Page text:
Saying that, New Water Music does not have any oil money attached to it—that we know of—and is being generously funded in large part by the MAP Fund, a wonderful and prestigious organization in New York. But if we dug deep, there is likely something egregious about the origins of MAP Fund’s money via their backers and so on. So I think the point is not to make accusations about who is ethical and who is not in a survivalist non-profit economy but to try to understand the systemic problems and address them with honesty.

The 504 Boyz Horse Club in New Orleans Airlift’s Rally Under The Bridge, 2014, under the artistic direction of Delaney Martin and Claire Tancons in New Orleans. Courtesy New Orleans Airlift.

CT: To go back to thinking about water, in Masses and Power, his 1960 book with wide-ranging social and political implications about the nature of people and power, Elias Canetti writes of rivers as metaphors of the processional character of crowds. How does this image awaken your imagination in terms of thinking about New Orleans’ processional culture and our own processional projects?

DM: It is a daunting image because I just see so many generations washing by us. With respect to the environment and its effect on livelihoods and the cultures they produce it is scary that there are stubborn forces, much like the power of a crowd, which still refuse to switch course. This incoming administration is terrifying on so many counts, but environmentally it is absolutely apocalyptic in the face of science and reason.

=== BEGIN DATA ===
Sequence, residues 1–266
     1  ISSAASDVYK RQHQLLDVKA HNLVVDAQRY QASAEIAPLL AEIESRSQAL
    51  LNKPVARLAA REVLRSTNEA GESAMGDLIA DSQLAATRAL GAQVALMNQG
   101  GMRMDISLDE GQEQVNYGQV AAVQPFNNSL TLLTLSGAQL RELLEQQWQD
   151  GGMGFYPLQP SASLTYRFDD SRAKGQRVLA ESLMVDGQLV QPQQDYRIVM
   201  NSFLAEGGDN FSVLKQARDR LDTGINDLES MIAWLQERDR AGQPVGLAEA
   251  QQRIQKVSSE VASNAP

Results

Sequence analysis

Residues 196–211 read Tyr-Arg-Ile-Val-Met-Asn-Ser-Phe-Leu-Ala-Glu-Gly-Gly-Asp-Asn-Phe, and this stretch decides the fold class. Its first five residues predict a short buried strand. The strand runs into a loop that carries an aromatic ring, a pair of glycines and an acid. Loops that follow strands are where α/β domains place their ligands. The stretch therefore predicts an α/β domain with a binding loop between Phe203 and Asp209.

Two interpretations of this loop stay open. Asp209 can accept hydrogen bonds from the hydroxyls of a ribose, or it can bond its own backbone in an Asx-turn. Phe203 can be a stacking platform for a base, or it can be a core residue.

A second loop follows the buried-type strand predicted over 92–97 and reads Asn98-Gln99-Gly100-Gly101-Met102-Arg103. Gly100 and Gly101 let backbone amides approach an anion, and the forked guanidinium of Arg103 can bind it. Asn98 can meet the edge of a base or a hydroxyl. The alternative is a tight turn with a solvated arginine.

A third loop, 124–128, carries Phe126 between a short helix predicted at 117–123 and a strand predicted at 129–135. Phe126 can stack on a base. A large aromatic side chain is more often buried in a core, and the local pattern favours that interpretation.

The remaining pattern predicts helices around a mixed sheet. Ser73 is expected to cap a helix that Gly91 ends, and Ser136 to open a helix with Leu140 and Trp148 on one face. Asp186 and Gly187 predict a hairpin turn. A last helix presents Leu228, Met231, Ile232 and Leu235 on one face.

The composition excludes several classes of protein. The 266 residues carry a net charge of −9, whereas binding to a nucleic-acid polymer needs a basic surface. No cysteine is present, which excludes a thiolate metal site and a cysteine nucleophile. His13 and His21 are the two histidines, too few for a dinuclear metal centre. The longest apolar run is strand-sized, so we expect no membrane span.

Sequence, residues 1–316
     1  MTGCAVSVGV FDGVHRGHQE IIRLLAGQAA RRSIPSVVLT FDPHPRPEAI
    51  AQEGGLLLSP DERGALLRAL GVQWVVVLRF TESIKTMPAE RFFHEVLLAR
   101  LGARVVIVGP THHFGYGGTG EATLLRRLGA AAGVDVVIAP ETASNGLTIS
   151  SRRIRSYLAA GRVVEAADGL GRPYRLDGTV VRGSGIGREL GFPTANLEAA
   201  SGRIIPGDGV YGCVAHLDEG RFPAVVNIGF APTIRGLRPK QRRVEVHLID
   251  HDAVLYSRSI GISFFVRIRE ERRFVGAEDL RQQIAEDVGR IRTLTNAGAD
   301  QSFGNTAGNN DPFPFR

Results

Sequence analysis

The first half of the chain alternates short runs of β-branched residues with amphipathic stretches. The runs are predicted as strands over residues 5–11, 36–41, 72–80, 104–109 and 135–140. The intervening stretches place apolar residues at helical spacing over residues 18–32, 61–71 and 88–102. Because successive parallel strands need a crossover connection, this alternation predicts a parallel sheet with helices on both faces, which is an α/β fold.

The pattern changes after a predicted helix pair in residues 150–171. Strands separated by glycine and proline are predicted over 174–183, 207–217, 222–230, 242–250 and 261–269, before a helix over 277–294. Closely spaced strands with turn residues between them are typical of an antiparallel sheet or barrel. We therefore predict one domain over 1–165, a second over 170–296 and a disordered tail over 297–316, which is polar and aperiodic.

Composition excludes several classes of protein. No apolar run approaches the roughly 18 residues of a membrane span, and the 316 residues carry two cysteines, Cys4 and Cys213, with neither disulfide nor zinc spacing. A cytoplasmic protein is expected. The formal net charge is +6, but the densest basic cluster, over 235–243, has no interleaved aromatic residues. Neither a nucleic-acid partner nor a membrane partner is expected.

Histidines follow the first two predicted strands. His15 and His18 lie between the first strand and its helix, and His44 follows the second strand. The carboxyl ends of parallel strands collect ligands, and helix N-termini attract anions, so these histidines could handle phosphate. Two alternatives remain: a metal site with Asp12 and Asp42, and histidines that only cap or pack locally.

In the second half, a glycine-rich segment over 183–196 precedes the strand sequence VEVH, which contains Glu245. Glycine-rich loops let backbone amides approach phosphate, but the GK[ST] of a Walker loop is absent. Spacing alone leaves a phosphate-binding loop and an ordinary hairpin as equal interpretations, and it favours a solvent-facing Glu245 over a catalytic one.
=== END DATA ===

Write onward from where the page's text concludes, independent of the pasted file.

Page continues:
But when I think of New Orleans’ processional culture, I feel the river metaphor more gently: Procession here, for me, is working it out it in the streets. Working out anger, working out joy, working out boredom, working out pride, working out tradition and innovation. And I see some of our processional projects, Rally Under the Bridge and Public Practice, that we have created together alongside our collaborators, as an attempt to use this meandering form that New Orleans culture has long partaken of as a way to have new feelings about the world and each other.

Editor's Note

Delaney Martin’s “Siren Song: A Prelude to New Water Music,” featuring Yotam Haber’s A Wine Dark Sea is on view through February 4, 2017, at Barrister’s Gallery (2331 St. Claude Avenue) in New Orleans. New Water Music, a free public performance on Lake Pontchartrain, will take place on April 8, 2017. Ticketing information will soon be available on New Orleans Airlift’s website.

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Interview